More people watched C-SPAN's House speaker drama than some reality shows
The hottest reality show in America this week is being broadcast live on the country's nonprofit public service broadcaster.
C-SPAN's live coverage of the House of Representative's first attempts to elect a speaker was watched by at least 379,000 households on Tuesday, The Wall Street Journal reported. That marks a 161% increase over the opening day of the prior Congress two years ago.
That figure is an estimate from Samba TV, which tracks viewership on smart TVs. So it doesn't count people who streamed the proceedings on C-SPAN's website — or watched their live-stream of the House on other TV channels.
A spokesperson for the network told Semafor that since C-SPAN is a privately funded nonprofit, it doesn't use advertising or track rating numbers.
According to the Samba TV estimates, though, C-SPAN viewership on Tuesday was higher than that of some cable reality shows. The latest episode of Southern Hospitality, the new Southern Charm spinoff on Bravo, had an audience of around 300,000 households, according to USTVDB.com, which tracks ratings. Episodes of Growing Up Chrisley on E! had less than 300,000 last fall.
C-SPAN's viewership numbers still dwarf in comparison to most shows on network TV. The latest finale of Survivor on CBS, for example, drew 4.8 million total viewers.
"There is so much talk about us on social media and on other news networks," Ben O'Connell, C-SPAN's director of editorial operations, told Semafor. He said he's never seen viewership numbers, but added, "I'm sure more people are tuned in."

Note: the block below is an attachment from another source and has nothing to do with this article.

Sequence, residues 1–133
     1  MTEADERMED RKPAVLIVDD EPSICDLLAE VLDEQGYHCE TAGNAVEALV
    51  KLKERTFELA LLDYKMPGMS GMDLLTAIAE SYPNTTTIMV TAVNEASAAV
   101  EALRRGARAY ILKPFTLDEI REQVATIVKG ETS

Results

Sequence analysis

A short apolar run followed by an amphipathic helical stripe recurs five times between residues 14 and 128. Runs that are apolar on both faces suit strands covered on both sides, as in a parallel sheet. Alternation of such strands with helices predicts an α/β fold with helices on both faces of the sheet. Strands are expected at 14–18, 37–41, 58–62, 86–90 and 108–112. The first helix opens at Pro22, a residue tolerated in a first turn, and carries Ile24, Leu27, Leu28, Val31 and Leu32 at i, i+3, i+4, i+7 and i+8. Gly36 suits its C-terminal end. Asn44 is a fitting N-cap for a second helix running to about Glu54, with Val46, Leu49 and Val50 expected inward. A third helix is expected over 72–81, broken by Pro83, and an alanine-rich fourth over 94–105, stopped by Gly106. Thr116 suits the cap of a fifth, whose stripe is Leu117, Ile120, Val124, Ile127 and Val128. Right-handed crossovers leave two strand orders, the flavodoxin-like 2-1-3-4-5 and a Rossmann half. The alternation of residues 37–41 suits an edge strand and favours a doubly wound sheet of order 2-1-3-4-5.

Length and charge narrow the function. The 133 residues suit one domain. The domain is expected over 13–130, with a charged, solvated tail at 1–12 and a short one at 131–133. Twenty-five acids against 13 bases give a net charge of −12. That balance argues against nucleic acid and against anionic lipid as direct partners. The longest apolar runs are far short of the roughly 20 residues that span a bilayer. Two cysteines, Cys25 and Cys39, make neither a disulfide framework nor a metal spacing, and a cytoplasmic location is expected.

Throughout most of the year, C-SPAN uses feeds controlled by the House, usually showing just a wide shot of the chamber or a close-up of a dais. During special events like a speaker's election, independent media like C-SPAN are allowed in.
O'Connell said C-SPAN has had three cameras in the chamber during the speaker's race, leading to some rare camera angles that capture members' discussions on the House floor.
"You never see people milling in the aisles. You never see negotiations happening in the back of the room. You never see reaction shots to what the speakers are saying," O'Connell said. "We wanted to make sure viewers felt like they were in the room."
C-SPAN has pushed for greater freedom in the chamber during previous congressional sessions. O'Connell said he hopes the current chatter "translates into American voters going to their lawmakers and saying, 'I want to be able to see you talking on the House floor, doing your job.'"